Interview, 12 Mar. 2018 / Syria, Damascus by Tobias Lehner

The current military offensive in Syria not only affects the inhabitants of the Eastern Ghouta region but also those of neighbouring Damascus. The shelling of the capital city continues. The Christian district at the eastern edge of the old city has also been under fire. In an interview with Dr Andrzej Halemba, the head of the Middle East section of the worldwide pontifical foundation Aid to the Church in Need (ACN), Tobias Lehner discusses why the warring parties are condoning the death of civilians, why Islamist terror is on the rise again and what kind of aid the civilian population needs at this moment.


Tobias Lehner: What do you know about the situation in Eastern Ghouta?

Dr Andrzej Halemba: We from ACN maintain very good and close contact with a large number of bishops in Damascus. One of them is the head of the Melkite Greek Catholic church, Patriarch Joseph Absi. Caritas Syria is on site and keeping us informed.

The people in Eastern Ghouta are trapped. Several thousands of people! They have practically no access to food. They have no medical care. Many residents have been wounded and are in need of an operation. There are no humanitarian corridors allowing them to escape. This may be because the rebels consider the civilian population “human shields”. And the government fears that not only civilian refugees will flee to Damascus, but also suicide bombers, who would bring the terror even further into the city. Fear and terror reigns everywhere.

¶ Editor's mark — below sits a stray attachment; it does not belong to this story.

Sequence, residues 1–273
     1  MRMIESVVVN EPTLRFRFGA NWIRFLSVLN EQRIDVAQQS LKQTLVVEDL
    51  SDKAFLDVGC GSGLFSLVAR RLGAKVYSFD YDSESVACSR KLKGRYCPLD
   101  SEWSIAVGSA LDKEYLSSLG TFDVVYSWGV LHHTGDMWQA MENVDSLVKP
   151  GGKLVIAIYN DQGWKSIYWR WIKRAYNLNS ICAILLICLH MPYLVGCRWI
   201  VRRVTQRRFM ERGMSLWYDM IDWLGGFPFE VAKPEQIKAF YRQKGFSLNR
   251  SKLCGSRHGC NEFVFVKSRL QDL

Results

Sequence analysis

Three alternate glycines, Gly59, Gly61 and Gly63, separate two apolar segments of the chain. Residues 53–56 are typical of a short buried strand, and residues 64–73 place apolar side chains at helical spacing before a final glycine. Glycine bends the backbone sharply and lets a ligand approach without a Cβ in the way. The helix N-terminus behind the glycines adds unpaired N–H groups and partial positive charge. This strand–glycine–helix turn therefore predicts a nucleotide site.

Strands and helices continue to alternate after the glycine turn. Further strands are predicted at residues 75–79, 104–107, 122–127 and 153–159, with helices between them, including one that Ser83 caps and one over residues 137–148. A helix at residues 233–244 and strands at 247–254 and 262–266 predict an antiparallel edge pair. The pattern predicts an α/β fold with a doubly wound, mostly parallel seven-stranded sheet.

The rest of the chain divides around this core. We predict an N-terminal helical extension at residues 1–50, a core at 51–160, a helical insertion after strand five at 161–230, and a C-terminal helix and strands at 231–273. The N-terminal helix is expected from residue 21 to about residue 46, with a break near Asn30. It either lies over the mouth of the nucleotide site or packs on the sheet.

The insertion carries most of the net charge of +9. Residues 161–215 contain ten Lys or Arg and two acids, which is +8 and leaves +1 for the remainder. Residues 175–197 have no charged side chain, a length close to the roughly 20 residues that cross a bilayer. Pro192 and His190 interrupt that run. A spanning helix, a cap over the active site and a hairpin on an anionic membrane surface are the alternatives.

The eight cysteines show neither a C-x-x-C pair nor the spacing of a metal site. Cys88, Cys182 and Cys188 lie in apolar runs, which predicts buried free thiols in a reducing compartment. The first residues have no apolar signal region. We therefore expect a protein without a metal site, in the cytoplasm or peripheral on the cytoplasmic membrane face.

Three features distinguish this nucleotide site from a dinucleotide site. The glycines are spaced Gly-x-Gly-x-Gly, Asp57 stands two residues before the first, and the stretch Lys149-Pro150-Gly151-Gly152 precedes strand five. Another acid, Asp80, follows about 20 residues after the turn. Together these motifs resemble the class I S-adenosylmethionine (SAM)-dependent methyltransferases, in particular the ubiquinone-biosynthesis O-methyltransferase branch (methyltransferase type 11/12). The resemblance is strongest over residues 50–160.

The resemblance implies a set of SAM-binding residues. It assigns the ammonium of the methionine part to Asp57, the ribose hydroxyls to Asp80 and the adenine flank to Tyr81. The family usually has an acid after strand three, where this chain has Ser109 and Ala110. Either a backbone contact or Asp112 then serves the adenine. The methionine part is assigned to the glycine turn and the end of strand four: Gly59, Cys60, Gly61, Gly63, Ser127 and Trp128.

And all that practically before the gates of the capital city of Syria with its more than one million inhabitants…

Eastern Ghouta is only about four kilometres from the city centre. From here Rebel troops can look out over the city of Damascus from there. Among them are also troops that are close to al-Qaeda. Several units of the “Islamic State” still remain in the southern districts of Damascus. Therefore, it is important not only to talk about the actions of the government troops, but also the fact that the Islamists have set their sights on the capital city: with terrorist attacks on the inside, mortar attacks from the outside. The Christian district of Bab Tuma, which is located on the eastern edge of the old city, has also been severely hit. The warring parties know that the moment children die, young people are killed, families are destroyed and houses are demolished, it draws the attention of the world to them. It is part of their strategy. This is why the Christian district is also one of the areas under attack.

Can you describe the situation there in more detail?

The situation is dire. The mortar attacks continue unabated. The Christians are scared to death. I recently spoke with a religious sister. She told me that she and her fellow sisters are not even able to leave the city centre anymore to go to the districts in which many Christians and refugees from Eastern Ghouta have found shelter. It is too dangerous. Convoys that were supposed to carry humanitarian aid into Damascus have been stopped. It is a terrible situation!

You said that there were also Islamist units among the rebel groups. The European media is focusing primarily on the brutal tactics of the government troops. Is this then not the whole truth?